It’s almost December and 15°… so let’s talk camping!! Specifically, moto camping.
What better way to connect with nature and embrace our need for primal freedom and wanderlust than to set off on two wheels, surviving only on the essentials we can carry, craft or collect.
This article is not about how to survive on nothing but a pocket knife…but hopefully useful resources for those looking to try it on two wheels for the first time.
Been Camping Before?
Great, I’ll share my advice on navigating the places and policies of the Adirondacks, and how to apply your camping experience to 2 wheels, and what might be different.
First Time Camping?
Great, I’ve included some practical tips for beginners, but before you read any further, please head this;
you should not start with moto camping.
This is just pragmatic. Besides being much better off when you discover your new tent leaks, it’s also good to get comfortable with the basics without the added stress of “can I bring everything I might need.”
Gotta say it, be smart, be safe. Make sure someone knows your plans, and when you’ll check in next. If you’re planning to be anywhere remote, or solo, consider something like Spot 3 or InReach – GPS trackers to share your location and send texts via Satellite in case phones aren’t an option.
If you’re going extended distances into remote areas, there is many more considerations outside this article. I’m not covering wilderness survival and navigation by starlight – and you’re not here for that anyway. We’re covering the basic camping essentials to have nice multi-day tour around the Adirondack Park.
Choosing a Location
One of the great things about camping is the Adirondacks is that you can find far-away hidden gems high on mountains and open lakes, but you can also find conventional campgrounds with easy access and plumbing.
There are both private and public campgrounds to choose from, but personally I think the NYS Parks does a great job making access to pubci parks easy, and they range from tent-only to RV pads with electric hookups, so there’s a spot for every level of adventure. You can more about camping on public parks here, https://parks.ny.gov/camping/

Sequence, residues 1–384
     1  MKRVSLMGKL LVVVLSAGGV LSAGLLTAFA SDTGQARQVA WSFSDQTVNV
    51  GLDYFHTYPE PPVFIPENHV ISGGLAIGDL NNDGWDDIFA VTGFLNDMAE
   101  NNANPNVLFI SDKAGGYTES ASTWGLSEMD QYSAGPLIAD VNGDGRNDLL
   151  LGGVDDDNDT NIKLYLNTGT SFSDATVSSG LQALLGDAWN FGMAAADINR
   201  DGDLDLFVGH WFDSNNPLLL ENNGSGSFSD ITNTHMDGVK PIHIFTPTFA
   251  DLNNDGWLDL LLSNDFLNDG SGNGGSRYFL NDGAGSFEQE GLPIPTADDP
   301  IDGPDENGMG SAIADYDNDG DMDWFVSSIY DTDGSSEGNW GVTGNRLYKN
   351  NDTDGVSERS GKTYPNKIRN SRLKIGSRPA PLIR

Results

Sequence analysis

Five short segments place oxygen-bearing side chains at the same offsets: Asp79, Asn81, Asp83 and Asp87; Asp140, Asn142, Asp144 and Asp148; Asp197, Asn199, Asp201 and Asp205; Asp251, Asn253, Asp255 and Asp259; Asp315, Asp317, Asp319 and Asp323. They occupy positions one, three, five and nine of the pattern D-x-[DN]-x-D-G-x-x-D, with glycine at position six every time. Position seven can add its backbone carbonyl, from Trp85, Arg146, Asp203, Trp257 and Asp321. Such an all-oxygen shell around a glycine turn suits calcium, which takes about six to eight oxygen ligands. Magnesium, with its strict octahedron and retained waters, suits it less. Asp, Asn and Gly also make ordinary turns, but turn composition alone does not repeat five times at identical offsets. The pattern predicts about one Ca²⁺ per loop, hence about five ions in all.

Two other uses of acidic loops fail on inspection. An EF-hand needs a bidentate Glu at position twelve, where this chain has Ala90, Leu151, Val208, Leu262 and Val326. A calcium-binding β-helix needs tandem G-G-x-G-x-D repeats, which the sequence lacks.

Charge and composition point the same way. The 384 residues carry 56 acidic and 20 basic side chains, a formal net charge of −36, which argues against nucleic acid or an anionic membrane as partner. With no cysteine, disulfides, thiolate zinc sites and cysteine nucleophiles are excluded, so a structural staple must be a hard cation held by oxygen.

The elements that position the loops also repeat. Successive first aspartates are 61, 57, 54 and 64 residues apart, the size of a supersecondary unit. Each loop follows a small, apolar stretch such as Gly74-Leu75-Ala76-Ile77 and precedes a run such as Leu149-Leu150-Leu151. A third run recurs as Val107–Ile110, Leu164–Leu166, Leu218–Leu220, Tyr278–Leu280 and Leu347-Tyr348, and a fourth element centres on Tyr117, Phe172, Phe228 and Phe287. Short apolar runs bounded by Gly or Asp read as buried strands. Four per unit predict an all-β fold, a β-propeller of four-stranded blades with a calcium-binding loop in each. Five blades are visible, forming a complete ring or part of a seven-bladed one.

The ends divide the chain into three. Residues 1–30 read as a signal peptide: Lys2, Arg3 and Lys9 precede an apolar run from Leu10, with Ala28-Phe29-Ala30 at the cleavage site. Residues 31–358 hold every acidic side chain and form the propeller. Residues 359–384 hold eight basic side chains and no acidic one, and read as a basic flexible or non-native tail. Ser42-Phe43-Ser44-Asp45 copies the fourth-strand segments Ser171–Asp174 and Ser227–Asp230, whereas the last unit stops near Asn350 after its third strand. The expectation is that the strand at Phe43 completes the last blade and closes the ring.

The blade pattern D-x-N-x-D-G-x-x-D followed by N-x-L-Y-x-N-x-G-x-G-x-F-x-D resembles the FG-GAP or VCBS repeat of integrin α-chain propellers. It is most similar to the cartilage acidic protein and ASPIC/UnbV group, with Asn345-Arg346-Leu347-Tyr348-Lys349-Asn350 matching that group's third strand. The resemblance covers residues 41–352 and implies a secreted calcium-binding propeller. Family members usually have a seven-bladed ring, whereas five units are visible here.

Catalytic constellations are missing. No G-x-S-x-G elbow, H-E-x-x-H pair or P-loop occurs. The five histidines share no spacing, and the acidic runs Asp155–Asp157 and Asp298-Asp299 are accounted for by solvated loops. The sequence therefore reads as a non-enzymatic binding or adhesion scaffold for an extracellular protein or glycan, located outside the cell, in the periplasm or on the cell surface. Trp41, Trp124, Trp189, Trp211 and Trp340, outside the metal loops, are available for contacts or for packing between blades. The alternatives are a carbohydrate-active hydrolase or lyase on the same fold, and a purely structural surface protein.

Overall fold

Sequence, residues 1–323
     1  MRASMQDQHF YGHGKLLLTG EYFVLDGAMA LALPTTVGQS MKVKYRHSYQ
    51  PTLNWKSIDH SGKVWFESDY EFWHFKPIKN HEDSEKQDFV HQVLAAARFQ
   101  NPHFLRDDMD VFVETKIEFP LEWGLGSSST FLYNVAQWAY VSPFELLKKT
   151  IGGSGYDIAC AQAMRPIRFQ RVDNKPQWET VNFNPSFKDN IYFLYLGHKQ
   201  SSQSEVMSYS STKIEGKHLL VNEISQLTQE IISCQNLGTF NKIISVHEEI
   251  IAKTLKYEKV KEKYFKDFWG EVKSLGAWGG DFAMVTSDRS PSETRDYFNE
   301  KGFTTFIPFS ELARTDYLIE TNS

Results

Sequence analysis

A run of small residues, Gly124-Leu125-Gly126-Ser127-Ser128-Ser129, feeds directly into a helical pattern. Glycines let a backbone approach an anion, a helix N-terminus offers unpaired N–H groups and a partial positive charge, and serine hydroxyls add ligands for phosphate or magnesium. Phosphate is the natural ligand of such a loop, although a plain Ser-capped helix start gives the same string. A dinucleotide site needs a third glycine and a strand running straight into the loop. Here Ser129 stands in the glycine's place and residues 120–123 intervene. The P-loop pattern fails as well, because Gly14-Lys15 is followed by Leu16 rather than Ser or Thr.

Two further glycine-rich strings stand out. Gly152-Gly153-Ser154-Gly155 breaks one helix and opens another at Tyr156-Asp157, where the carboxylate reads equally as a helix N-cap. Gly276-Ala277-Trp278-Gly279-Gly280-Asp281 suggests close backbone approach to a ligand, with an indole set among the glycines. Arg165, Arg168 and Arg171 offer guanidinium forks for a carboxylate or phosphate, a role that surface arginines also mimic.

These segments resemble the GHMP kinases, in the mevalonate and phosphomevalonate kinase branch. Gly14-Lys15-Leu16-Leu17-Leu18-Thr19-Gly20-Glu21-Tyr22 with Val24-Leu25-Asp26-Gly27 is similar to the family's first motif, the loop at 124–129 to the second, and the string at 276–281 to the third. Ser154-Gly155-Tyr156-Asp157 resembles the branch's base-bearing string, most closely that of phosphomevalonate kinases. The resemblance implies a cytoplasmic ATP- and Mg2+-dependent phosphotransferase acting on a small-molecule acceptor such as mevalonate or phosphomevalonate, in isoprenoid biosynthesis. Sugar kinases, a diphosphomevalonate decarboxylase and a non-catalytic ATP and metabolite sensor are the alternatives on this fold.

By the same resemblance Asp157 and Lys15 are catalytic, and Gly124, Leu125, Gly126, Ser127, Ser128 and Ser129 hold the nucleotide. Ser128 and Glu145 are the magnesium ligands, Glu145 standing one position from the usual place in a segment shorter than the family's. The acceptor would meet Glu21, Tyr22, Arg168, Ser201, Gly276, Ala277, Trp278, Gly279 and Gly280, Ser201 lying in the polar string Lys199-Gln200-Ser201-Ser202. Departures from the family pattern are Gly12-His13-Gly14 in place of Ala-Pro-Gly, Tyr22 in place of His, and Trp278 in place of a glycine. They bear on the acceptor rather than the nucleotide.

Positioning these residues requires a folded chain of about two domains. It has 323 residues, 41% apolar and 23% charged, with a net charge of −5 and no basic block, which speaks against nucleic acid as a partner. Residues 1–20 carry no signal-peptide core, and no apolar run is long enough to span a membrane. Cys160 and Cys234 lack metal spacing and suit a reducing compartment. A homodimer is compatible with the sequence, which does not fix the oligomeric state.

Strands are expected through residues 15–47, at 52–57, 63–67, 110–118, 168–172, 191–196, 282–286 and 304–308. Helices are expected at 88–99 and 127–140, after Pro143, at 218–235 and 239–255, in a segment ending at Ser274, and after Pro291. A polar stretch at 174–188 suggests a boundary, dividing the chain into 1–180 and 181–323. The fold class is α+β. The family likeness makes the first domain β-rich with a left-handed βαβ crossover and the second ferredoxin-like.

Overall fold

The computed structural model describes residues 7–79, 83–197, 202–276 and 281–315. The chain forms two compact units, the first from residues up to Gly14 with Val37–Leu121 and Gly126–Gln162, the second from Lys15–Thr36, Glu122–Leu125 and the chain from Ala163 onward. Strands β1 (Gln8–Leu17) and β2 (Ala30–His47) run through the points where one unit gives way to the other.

- Walk sites for less than $20, or reserve in advance for a little more.
- Site limits (6 ppl, 2 tents, 2 vehicles)
- Quiet hours (usually 10pm-7am)
‘Primitive Camping’ on state land
Even though much of the Adirondack park is private or protected land, there are huge swaths of land under DEC control open to tent camping. So if you’d rather throw up a tent far from civilization and plumbing, there’s plenty to choose from. Just make sure you follow DEC rules for camping within the Adirondack Park and note where you can and can’t have fires.
DEC lands and primitive camp
Beyond that you’ll also need some additional forethought as these remote sites mean getting back to a store or other amenities could be a challenge.
Packing Your supplies
Hmm, where do we put the campstove…
Even if you could load on this much, the weight and bulk will severely limit your abilities and options. So when packing up for the trip, I have 3 tips:
- consider your destination. If you’re not more than a few miles from town, consider just grabbing food on your way in and coffee on your way out. Eliminating the need to prep food drastically reduces load.
- Use someone else’s list. Seriously you can find die-hards that have tuned their packing lists over hundreds of trips. Why reinvent the wheel. There are exhaustive lists and general guidance, but I always favor first aid and too much warm clothes over kit and gear.
2a. Bear bag if you’re carrying food. https://www.adirondack.net/wildlife/black-bears/
- My favorite forgotten - these are just obvious things I’ve been stuck without.
3a. bug spray. Jeesum-crow I’ll tell ya.. the black flies are brutal around here, mosquitos too. Especially if you’re like me they can smell you a mile off and swarm hard. All the fancy tents and amenities are meaningless when you’re being tormented by unrelenting carnivores.
3b. Garbage bags. Not that you generate loads of trash, but I guarantee you’ll make or find something you don’t want touching everything else packed neatly into your saddlebags. Beyond carrying trash, they’re useful for dry feet, ponchos, emergency still, etc, etc..you know. I keep a roll of kitchen bags at the bottom of my saddlebag now.
This is where I’ll share some of my personal creature comforts. Always set up your tent first, duh. But what’s next?
- Fat wood fire starters. These come in all brands, it’s just wood, really sappy kiln dried wood that lights fast had burns hard. Toss 3-4 per fire, they barely take any space.
- Camping pad. So many choices, but any of them (even this thirty-something compact dilly) 1000% better than cold, hard, probably rooted or rocky ground.
- Camping Hammock. Lighter and smaller than most tents, you can skip the need for a sleeping pad as well. THey’re ideal for us in the northeast, we’ve always got a few trees nearby.
Closing up and cleaning up
Like I shared above, the DEC does a fantastic job up here keeping these beautiful places open, and it’s our duty to play by the rules that let that happen. That means leaving no trace of our camp except perhaps some coals if fires were allowed. Let’s keep it beautiful (and open!) for everyone by doing our part.